So Cirque du Soleil kept the clowns but shifted their humor from slapstick to a more enchanting, sophisticated style. It glamorized the tent, an element that, ironically, many circuses had begun to forfeit in favor of rented venues.
Seeing that this unique venue symbolically captured the magic of the circus, Cirque du Soleil designed the classic symbol of the circus with a glorious external finish and a higher level of comfort, making its tent reminiscent of the grand old circuses. Gone were the sawdust and hard benches. Acrobats and other thrilling acts retained, but their roles were reduced and made more elegant by the addition of artistic flair and intellectual wonder to the acts.
At the time of Cirque’s debut in the early 1980s, other circuses focused on benchmarking one another and maximizing their share of already shrinking demand by tweaking traditional circus acts. This included trying to secure more famous clowns and lion tamers, a strategy that raised circuses’ cost structure without substantially altering the circus experience. The result was rising costs without rising revenues, and a downward spiral of overall circus demand.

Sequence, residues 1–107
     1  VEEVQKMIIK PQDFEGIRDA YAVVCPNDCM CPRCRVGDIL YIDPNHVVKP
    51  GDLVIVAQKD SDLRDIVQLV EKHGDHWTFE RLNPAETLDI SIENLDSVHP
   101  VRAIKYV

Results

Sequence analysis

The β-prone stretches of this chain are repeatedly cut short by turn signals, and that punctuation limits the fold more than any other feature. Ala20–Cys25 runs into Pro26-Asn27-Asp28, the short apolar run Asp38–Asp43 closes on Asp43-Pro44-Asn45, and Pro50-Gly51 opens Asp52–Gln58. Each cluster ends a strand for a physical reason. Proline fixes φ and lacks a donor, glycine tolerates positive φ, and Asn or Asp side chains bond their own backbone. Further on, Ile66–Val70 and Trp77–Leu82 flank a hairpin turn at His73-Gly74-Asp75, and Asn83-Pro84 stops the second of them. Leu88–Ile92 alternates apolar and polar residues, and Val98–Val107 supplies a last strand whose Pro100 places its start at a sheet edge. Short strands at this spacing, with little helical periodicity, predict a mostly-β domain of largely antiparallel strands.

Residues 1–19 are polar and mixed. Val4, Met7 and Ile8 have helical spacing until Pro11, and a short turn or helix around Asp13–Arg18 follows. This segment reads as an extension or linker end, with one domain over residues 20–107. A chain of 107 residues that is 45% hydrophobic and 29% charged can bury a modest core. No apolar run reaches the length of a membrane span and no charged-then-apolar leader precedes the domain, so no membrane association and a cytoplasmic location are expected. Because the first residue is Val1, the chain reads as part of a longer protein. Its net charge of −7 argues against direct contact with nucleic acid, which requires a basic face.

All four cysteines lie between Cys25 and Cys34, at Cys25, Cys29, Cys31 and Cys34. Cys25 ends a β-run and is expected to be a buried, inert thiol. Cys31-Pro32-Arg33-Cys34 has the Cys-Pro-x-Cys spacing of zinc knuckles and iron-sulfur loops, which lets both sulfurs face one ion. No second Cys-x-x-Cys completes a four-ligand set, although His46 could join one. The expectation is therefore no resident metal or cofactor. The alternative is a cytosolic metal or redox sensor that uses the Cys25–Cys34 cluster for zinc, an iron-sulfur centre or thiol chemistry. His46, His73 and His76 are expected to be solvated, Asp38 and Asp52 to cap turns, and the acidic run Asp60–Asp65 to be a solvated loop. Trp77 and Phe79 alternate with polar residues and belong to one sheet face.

These efforts were made irrelevant when Cirque du Soleil appeared. Neither an ordinary circus nor a classic theater production, Cirque du Soleil paid no heed to what the competition did.
Instead of following the conventional logic of outpacing the competition by offering a better solution to the given problem—creating a circus with even greater fun and thrills—it sought to offer people the fun and thrill of the circus and the intellectual sophistication and artistic richness of the theater at the same time; hence, it redefined the problem itself.
By breaking the market boundaries of theater and circus, Cirque du Soleil gained a new understanding not only of circus customers but also of circus noncustomers: adult theater customers. Cirque du Soleil created a new market space in the entertainment sector, generating strong, profitable growth as a result.